Tony Fratto, a Goldman spokesman, said Mr. Solomon’s investment in Discovery was in the “single-digit millions.” He said Mr. Solomon has no fiduciary responsibilities toward Discovery and “is not involved in the business operations” of the company.
Mr. Fratto said there was “no conflict whatsoever” between Mr. Solomon’s job at Goldman and his relationship with and investment in Discovery. “It’s absurd to think he’d guide his decision-making here for such a small personal investment,” he said. Mr. Fratto said Mr. Solomon reimburses Goldman when he uses its jet for personal reasons.
Jill Basinger, Discovery’s chief legal officer, said that Mr. Solomon was only a small investor in the company and that it had never done business with Goldman.
This is not the first time questions have surfaced about how Mr. Solomon’s outside interests affect his work at Goldman, for which he has received more than $150 million in compensation since he became chief executive in 2018.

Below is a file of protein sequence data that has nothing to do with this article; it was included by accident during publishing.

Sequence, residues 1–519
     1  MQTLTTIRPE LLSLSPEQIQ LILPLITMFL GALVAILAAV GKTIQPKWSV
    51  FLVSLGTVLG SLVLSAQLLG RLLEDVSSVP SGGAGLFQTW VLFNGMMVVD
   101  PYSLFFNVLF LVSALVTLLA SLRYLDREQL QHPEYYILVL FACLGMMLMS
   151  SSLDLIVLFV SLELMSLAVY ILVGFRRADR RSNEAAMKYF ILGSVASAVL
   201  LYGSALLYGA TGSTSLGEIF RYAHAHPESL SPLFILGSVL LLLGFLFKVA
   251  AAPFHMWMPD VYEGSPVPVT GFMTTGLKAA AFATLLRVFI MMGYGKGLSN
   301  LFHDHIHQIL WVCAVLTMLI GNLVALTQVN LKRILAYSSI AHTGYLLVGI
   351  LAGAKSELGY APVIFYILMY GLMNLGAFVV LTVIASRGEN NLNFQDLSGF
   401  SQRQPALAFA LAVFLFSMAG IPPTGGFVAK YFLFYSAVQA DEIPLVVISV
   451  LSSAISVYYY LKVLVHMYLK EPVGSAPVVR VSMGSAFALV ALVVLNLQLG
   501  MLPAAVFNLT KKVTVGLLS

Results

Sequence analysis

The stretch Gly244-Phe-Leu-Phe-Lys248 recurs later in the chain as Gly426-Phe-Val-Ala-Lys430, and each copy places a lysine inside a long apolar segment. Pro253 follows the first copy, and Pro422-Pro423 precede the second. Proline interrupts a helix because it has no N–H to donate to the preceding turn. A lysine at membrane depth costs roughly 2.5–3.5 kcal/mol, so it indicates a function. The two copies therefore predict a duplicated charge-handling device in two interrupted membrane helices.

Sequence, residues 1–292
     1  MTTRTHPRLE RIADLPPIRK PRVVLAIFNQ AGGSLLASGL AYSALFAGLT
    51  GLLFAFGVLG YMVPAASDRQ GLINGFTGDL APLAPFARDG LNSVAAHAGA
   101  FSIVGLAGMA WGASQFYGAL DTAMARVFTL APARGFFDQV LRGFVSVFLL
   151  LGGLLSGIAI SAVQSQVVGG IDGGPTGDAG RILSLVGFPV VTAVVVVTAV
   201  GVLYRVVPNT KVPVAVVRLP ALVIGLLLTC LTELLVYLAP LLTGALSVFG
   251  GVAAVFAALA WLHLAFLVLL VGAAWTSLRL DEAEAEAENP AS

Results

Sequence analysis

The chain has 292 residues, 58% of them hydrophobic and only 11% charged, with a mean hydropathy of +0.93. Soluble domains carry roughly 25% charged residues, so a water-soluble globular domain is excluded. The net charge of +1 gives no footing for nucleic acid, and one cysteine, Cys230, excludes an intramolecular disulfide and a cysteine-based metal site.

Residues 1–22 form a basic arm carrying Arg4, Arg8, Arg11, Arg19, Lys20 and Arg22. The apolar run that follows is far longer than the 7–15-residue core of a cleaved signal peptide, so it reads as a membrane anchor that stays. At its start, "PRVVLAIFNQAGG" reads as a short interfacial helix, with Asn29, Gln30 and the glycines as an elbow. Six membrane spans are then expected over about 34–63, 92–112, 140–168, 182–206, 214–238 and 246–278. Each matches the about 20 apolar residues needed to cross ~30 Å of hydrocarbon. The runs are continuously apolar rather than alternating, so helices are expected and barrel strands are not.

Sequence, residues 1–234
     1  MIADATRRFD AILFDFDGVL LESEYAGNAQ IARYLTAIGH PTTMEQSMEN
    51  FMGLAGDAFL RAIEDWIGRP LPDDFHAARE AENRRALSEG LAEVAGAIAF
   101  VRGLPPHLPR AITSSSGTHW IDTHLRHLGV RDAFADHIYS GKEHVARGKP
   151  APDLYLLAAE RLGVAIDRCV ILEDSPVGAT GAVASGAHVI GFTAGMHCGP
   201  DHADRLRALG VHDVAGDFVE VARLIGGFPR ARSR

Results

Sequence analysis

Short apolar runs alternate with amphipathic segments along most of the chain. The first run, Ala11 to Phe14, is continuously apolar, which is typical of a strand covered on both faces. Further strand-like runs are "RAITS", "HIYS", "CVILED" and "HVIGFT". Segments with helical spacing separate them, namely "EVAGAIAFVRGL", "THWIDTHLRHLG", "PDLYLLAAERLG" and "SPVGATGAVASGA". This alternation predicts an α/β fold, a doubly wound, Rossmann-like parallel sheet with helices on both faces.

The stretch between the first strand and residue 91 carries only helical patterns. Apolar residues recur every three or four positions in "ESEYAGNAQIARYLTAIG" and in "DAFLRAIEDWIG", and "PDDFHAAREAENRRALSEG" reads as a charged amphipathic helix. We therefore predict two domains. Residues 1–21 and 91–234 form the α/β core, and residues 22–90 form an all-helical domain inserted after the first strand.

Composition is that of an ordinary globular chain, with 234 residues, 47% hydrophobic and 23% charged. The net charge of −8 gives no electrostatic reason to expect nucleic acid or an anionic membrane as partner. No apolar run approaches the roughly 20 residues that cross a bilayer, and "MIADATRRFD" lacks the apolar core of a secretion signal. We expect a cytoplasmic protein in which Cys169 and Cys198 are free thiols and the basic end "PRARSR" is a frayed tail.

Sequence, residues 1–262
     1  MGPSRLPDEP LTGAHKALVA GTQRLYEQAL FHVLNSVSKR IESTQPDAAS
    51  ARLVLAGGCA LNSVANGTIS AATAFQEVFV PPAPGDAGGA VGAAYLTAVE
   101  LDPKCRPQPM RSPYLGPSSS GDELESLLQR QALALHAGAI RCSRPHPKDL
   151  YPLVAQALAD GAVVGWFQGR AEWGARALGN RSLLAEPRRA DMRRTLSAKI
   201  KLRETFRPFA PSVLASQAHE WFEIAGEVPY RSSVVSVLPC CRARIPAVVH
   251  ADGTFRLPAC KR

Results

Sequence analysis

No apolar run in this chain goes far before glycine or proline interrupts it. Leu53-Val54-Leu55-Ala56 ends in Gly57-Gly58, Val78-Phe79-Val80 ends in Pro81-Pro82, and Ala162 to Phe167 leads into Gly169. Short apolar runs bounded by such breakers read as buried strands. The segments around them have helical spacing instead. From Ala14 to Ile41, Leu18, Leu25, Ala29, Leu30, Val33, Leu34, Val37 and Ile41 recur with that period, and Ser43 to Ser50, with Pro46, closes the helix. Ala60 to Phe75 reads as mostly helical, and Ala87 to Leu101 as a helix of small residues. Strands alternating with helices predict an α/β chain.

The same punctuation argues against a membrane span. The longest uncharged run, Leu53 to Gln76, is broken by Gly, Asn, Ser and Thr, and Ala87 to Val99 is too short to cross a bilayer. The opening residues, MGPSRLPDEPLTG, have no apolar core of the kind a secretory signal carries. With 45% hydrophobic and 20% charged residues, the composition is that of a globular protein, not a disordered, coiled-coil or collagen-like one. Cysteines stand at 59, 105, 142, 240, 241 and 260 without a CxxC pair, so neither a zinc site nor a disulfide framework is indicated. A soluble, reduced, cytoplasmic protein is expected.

Some bank employees have privately grumbled that his hobby performing as an electronic dance music D.J. is a distraction, especially with Goldman in the financial doldrums and laying off thousands of employees. On occasion, Goldman employees have helped manage Mr. Solomon’s D.J. performance schedule, The Times previously reported.
Mr. Fratto said the D.J. work was separate from Mr. Solomon’s day job. “I think The New York Times is trying to make this a pattern,” Mr. Fratto said.